If we ever elect the position of CBC President — and that might not be a bad idea — Tod Maffin already has a killer platform.
Anyone who has missed great radio during the CBC lockout should give Tod’s podcast a listen. For one thing, it’s, well, great radio: passionate, engaging, entertaining and personal.
And for another thing, Tod’s manifesto is a compelling case for a revitalized CBC. It’s a heart-felt cry from someone who genuinely loves radio, loves the CBC, and hates what’s happening — not just with the lockout, but the whole direction Canada’s public broadcaster has taken in recent years.
He takes a swipe at the federal government for underfunding, but the core of his critique is the corporation’s insistence on a “flexible” workforce — by which CBC management means contract employees.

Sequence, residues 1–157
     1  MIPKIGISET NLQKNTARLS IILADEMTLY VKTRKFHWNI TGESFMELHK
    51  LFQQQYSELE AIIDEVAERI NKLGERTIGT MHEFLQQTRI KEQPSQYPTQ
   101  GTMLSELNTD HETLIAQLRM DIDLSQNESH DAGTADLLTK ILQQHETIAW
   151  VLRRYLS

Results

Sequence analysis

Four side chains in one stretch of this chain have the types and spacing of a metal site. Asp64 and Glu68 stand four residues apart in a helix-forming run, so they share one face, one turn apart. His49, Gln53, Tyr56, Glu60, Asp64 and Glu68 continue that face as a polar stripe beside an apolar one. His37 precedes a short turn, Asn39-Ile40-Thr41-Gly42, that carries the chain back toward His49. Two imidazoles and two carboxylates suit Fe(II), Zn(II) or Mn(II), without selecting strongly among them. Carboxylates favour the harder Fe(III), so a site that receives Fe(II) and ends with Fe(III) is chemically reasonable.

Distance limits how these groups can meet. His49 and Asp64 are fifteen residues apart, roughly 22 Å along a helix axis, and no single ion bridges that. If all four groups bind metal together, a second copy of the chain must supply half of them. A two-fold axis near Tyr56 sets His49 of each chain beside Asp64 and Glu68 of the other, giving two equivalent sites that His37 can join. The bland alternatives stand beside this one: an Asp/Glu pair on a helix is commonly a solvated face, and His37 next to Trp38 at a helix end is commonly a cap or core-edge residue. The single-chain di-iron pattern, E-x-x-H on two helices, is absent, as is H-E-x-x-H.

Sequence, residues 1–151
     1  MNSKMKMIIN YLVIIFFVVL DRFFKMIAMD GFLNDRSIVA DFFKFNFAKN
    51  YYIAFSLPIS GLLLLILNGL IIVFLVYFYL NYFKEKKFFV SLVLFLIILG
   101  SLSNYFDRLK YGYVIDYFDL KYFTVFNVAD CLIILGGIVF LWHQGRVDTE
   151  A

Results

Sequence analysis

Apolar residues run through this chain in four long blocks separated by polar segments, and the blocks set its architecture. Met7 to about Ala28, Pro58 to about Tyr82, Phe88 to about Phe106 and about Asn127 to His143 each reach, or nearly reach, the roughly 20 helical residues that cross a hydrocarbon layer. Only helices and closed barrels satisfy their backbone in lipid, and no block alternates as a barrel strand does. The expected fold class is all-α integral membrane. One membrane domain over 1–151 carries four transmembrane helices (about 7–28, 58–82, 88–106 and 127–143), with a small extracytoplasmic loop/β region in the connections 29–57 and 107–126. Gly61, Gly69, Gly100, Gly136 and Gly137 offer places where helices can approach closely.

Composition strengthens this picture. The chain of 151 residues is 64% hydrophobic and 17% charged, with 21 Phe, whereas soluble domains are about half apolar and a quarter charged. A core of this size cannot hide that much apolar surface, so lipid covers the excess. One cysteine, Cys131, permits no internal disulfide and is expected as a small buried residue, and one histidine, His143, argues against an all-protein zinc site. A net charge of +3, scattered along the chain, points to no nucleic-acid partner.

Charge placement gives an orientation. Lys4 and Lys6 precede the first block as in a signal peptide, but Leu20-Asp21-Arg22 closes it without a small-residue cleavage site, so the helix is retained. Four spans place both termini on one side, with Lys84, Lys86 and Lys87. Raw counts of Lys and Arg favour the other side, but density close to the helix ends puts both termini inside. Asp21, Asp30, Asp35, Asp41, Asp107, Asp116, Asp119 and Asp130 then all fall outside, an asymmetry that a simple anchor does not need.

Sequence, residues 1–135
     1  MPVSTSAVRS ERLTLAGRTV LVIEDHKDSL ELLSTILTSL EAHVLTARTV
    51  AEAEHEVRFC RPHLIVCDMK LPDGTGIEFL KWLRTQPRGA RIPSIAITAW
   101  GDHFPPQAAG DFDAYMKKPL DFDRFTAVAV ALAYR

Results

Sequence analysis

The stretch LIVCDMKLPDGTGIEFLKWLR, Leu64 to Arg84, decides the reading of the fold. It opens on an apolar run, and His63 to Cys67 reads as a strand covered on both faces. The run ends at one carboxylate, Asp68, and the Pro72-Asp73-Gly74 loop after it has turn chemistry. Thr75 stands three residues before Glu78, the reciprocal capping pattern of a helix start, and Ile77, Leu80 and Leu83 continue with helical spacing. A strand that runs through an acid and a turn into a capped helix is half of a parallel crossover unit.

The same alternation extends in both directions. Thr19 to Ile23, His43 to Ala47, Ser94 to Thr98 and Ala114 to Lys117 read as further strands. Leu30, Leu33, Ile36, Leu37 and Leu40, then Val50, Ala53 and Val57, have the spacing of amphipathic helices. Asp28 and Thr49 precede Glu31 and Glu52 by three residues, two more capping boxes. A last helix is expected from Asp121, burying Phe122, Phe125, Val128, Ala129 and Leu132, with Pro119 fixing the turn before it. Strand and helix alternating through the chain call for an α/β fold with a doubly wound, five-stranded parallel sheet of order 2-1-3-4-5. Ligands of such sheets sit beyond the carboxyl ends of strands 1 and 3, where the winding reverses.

That’s pretty much what the rest of the corporate world has meant over the past two decades, too. But Tod has a different take. He argues that the CBC already has a flexible workforce — smart, nimble, and with a proven record of adapting to rapid change within tight financial constraints.
The only thing is, management won’t let them in the building right now.
That isn’t just a challenge to the CBC’s leadership. It’s a rebuke to the fashionable idea that a modern workforce is one you can discard whenever you need to.
Which makes me wonder: if we can’t vote Tod in as CBC President…
…maybe there’s some other elected office he might be even better suited for.